The Kabini chips that form AM1 all have a similar feature set: an SoC design featuring up to four Jaguar CPU cores and Graphics Core Next (GCN)-based Radeon graphics with DirectX 11.2 and OpenGL 4.3 support – no word yet on Microsoft’s as-yet unreleased DirectX 12 – and support for two USB 3.0 ports, eight USB 2.0 ports and two SATA 6Gb/s ports, all without the need for an external chipset. Manufacturers who need more are, of course, welcome to add extra chips as required.

AMD launches AM1 Kabini desktop range
The bottom of the Kabini desktop brand will be the AMD Sempron 2650: two 1.45GHz Jaguar cores, 128 Radeon cores running at 4000MHz, 1MB of cache and support for 1,333MHz memory. Moving up the ladder is the Sempron 3850: four 1.3GHz Jaguar cores, the same 128 Radeon cores but running at 450MHz, 2MB cache and support for 1,600MHz memory.

The higher-end Athlon range starts with the Athlon 5150: four 1.6GHz Jaguar cores, 128 Radeon cores running at 600MHz, 2MB cache and the same 1,600MHz memory support. The range tops out with the Athlon 5350, with four 2.05GHz Jaguar cores and the same cache, graphics and memory support. All four Kabini chips will, interestingly, come in at identical 25W thermal design profiles (TDPs) – higher, unfortunately, than Intel’s BGA-only Bay Trail designs.

AMD launches AM1 Kabini desktop range
AMD looks to be pushing Kabini on the desktop against Bay Trail on three fronts: wider software support for older 32-bit and 64-bit operating systems; higher overall compute performance; and price. The latter is perhaps the most surprising: the bottom-end Sempron 2650 will cost just $31 per unit in trays of a thousand, with the Sempron 3850 stretching to $36; the Athlon 5150 will cost $45 per unit in the same volume, with the top-end Athlon 5350 fetching $55. FS1b motherboards will cost around $25-$35, the company has confirmed, a price point reached by the Kabini SoC taking over tasks that would have previously required an external chipset.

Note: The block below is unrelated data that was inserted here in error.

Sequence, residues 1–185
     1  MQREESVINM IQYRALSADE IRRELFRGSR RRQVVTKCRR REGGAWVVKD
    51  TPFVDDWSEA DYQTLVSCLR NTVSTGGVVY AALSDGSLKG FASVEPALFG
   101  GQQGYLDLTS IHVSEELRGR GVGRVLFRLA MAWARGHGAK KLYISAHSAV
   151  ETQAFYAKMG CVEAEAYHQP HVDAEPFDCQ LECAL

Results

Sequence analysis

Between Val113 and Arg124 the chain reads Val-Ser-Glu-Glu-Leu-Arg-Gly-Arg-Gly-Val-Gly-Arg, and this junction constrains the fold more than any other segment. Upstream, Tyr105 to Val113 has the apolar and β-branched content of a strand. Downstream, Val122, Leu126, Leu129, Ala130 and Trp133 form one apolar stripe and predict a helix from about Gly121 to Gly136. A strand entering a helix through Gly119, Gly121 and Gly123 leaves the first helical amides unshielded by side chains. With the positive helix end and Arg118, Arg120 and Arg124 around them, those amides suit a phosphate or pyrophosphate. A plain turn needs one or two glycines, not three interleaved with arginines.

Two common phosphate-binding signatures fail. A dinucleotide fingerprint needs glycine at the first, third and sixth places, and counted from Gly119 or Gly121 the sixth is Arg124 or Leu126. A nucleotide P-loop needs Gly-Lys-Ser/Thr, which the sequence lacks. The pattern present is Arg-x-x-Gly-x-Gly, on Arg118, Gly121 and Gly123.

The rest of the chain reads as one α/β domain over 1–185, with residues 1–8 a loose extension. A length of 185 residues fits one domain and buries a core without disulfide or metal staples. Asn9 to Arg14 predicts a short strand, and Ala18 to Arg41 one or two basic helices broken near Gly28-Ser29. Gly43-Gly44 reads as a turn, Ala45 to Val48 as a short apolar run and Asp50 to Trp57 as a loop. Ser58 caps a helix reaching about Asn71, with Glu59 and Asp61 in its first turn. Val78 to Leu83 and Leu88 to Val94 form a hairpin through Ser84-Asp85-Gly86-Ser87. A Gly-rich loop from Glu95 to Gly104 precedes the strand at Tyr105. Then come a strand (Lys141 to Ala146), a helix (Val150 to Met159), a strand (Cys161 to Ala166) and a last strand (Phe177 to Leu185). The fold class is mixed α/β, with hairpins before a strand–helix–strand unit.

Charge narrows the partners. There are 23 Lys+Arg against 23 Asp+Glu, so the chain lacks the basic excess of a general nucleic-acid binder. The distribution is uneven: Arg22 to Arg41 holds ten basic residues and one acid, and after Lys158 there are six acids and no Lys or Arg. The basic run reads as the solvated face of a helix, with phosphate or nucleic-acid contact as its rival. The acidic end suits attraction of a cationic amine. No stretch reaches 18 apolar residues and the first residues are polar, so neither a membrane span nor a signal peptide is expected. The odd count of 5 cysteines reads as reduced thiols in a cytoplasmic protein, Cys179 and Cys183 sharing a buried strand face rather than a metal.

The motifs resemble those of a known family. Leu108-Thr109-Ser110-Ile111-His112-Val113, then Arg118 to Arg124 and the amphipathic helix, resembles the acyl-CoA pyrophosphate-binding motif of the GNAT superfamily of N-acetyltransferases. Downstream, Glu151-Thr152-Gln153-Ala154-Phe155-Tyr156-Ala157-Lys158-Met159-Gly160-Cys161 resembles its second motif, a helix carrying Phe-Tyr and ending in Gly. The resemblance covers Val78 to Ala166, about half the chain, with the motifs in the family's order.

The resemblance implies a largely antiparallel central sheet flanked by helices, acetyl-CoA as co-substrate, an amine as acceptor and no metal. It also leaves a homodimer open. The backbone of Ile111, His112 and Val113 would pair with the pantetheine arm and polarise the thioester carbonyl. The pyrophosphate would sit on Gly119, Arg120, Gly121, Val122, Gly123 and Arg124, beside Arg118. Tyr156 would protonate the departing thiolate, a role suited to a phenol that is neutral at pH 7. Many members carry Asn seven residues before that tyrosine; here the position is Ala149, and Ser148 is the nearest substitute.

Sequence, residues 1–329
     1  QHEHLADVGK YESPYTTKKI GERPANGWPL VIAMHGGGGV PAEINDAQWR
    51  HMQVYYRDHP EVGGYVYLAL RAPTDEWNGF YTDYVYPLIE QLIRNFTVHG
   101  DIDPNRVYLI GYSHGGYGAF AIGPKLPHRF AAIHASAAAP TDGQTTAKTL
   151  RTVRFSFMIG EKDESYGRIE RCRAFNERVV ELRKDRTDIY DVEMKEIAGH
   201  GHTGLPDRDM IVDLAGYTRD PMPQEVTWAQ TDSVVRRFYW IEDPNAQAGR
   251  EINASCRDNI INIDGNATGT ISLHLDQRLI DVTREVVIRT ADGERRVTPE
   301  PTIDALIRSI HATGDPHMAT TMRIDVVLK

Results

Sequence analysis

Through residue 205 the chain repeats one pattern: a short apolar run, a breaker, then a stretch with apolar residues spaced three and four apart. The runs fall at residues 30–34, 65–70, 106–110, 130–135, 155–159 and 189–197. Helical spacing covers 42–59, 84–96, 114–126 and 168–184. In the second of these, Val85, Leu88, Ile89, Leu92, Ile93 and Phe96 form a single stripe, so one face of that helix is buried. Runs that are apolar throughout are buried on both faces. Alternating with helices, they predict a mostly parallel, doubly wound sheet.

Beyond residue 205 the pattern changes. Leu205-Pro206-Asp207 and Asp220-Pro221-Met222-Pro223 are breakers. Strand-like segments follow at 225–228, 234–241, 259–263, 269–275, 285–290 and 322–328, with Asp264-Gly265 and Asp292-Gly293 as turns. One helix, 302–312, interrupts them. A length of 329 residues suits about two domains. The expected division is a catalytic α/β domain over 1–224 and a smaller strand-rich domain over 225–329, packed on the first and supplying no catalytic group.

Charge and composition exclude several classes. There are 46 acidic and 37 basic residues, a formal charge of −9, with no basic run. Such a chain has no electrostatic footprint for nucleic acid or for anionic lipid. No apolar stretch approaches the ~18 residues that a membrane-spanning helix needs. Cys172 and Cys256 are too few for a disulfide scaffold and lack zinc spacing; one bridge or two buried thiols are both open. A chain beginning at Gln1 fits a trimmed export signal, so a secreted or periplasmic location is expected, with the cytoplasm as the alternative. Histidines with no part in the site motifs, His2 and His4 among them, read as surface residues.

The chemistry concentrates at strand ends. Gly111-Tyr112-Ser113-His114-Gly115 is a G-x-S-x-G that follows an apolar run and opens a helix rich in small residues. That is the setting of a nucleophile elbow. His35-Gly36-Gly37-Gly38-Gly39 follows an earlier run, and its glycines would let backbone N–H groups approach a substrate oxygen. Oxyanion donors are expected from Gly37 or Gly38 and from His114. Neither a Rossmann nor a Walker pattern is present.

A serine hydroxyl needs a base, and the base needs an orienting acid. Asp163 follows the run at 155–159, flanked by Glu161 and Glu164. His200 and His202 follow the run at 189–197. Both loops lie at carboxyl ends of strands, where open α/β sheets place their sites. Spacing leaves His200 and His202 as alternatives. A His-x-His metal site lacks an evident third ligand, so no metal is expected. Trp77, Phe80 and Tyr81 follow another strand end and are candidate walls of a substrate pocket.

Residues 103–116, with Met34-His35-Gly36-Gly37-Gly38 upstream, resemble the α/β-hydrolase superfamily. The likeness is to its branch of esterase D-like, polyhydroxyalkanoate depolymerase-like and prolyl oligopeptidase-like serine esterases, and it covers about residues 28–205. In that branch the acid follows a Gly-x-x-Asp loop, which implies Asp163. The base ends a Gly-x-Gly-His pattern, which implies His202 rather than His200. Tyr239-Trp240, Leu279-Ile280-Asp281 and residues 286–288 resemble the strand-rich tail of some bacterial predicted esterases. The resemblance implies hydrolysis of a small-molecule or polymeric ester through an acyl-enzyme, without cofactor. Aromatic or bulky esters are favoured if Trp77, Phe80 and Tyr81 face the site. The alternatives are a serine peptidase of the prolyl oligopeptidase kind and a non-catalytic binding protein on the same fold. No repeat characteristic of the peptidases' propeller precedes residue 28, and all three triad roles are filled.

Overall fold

AMD has named ASrock, Asus, Biostar, Gigabyte, MSI and ECS Elitegroup as hardware partners on Kabini, each of whom plans to launch low-cost FS1b motherboards in micro-ATX and the compact mini-ITX formats. Formal retail pricing has not been provided as yet.

According to AMD’s own internal testing, the new Jaguar cores – the same architecture found in the Xbox One and PS4 games consoles – offer considerable advantages over their predecessors. As well as boosts to low-power operation, the company is claiming a 17 per cent boost in instructions per cycle (IPC) over the E1-1500 Bobcat equivalent. Under PCMark 7, the company claims, that translates to a jump for the Sempron 2650 from the E1-1500′s 1125 points to over 1300.

Higher up the rankings, the Athlon 5350 doubles the Cinebench R15 single-core benchmark compared to the AMD E-350, while its extra CPU cores mean a quadrupling in the multi-core tests. How these will compare to the same benchmark on Intel’s latest low-power chips remains to be seen.

AMD launches AM1 Kabini desktop range
A particularly interesting aspect of AMD’s Kabini design comes from its dynamic power management. During GPU-heavy activity, the less-loaded CPU cores act as a heatsink to draw heat away from the GPU; when the CPU is heavily loaded, the GPU is used in a similar manner. When both are loaded, of course, there’ll likely be some down-clocking – but it’s a system which should allow CPU- or GPU-bound applications to run at a higher speed than would otherwise be possible.

UPDATE